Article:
6 things you should know

0


[ad_1]

So, are you drowning in high interest credit card debt and personal loans? Have you also built up good equity in your home? You may be thinking about taking advantage of today’s still low mortgage rates and refinancing to pay off your debt.

It’s a tempting idea. And sometimes that makes sense. But transferring high-interest unsecured debt on your mortgage can also have dire consequences.

So, before you start filling out the paperwork for a home equity loan or cash refinance, there are a few things to consider.

1. Are you ready to put your home in jeopardy?

First of all, you must understand the stakes of this strategy.

Right now, your high interest debt is probably unsecured. This means that creditors cannot easily take the property if you don’t make the payments. (This is, after all, one of the reasons the interest payments are so high!)

If you transfer that unsecured debt to a mortgage, home equity loan, or HELOC, you will be putting your home at risk. This decision will likely increase your monthly mortgage payment. And if you find yourself in a situation where you can’t pay, the bank can foreclose on your house.

Related: 5 factors to consider before using a HELOC for your emergency fund

Of course, this is not necessarily a deal breaker. Often times, your overall payments can drop dramatically when you use your mortgage to refinance your high interest debt. But it’s always the first thing to consider.

Unless you are well positioned in terms of income to handle those mortgage payments, avoid this option.

2. What is the real difference between interest paid?

Another consideration is how much the refinancing process Actually saves you.

At first glance, it looks like you are cutting your interest payments by half or more. After all, you are refinancing a debt of $ 15,000 with an 18% interest rate at a 4% interest rate.

Remember, when you transfer your debt to your mortgage, you will likely be making payments over a much longer period of time. This means that you could end up paying the same or more interest, even with a massive reduction in interest rates.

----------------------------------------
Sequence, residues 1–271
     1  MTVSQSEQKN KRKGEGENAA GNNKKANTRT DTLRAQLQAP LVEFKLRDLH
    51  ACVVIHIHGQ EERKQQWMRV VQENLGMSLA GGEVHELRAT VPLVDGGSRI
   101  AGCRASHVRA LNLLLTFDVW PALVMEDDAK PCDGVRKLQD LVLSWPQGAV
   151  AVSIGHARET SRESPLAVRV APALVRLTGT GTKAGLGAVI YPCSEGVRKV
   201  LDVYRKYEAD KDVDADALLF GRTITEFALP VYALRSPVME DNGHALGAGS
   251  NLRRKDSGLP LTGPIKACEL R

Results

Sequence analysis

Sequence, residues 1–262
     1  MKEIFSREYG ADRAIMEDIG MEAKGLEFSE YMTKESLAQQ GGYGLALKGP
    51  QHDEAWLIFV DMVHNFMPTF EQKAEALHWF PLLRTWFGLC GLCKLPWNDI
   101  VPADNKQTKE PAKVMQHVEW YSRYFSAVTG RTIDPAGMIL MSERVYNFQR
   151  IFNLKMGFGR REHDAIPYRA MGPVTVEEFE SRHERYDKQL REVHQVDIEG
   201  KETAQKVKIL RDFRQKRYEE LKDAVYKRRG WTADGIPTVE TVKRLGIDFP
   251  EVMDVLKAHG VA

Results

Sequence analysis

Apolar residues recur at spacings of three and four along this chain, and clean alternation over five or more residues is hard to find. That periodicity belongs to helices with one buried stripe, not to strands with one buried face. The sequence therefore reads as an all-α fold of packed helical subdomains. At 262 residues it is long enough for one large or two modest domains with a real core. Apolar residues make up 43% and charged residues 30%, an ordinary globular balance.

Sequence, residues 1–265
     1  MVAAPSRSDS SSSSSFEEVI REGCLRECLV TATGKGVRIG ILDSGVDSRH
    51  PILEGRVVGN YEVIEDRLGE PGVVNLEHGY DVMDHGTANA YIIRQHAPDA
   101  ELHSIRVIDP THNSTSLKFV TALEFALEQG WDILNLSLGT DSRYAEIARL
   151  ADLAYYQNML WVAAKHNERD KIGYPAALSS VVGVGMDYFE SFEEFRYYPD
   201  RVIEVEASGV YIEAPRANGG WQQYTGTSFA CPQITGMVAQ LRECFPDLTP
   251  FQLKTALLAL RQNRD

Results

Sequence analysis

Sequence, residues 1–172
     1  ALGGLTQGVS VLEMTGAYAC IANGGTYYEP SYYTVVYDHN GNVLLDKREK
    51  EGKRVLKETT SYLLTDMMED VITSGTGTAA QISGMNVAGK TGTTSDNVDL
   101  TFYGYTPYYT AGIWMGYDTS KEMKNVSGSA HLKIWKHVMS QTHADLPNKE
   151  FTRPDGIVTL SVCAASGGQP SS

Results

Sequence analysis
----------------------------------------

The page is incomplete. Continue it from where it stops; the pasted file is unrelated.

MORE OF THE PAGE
Here’s an example of how refinancing a high interest personal loan to a long-term home equity loan can work:

  • Personal loan debt: $ 15,000 at 18% interest and a minimum monthly payment of $ 300
  • Home equity loan: $ 15,000 at 4% interest for 30 years

Switching to a home equity loan will drastically reduce your monthly payment to around $ 72, according to this calculator. With the home equity loan, you will pay around $ 10,780 in interest. If you stick to the personal loan, this calculator says you’ll pay about $ 12,934 in interest.

So it’s better, isn’t it? Well, be sure to consider the next point before you make up your mind.

Related: Strategies to Pay Off Your Mortgage Earlier

3. What additional costs will you pay?

Whether you decide to refinance your home, open a HELOC, or take out a home equity loan, you will likely be required to pay upfront fees. The fees vary depending on the type of loan you are considering.

Resource: A guide to refinancing your mortgage

HELOCs generally have a higher interest rate than refinancing or taking out a home equity loan. But they also come with lower fees if you’re looking for the best deal.

Home equity loans and refinancing will both incur costs – often very similar to buying a home in the first place. Depending on the process, you could pay a few hundred to a few thousand dollars in fees to refinance your debt.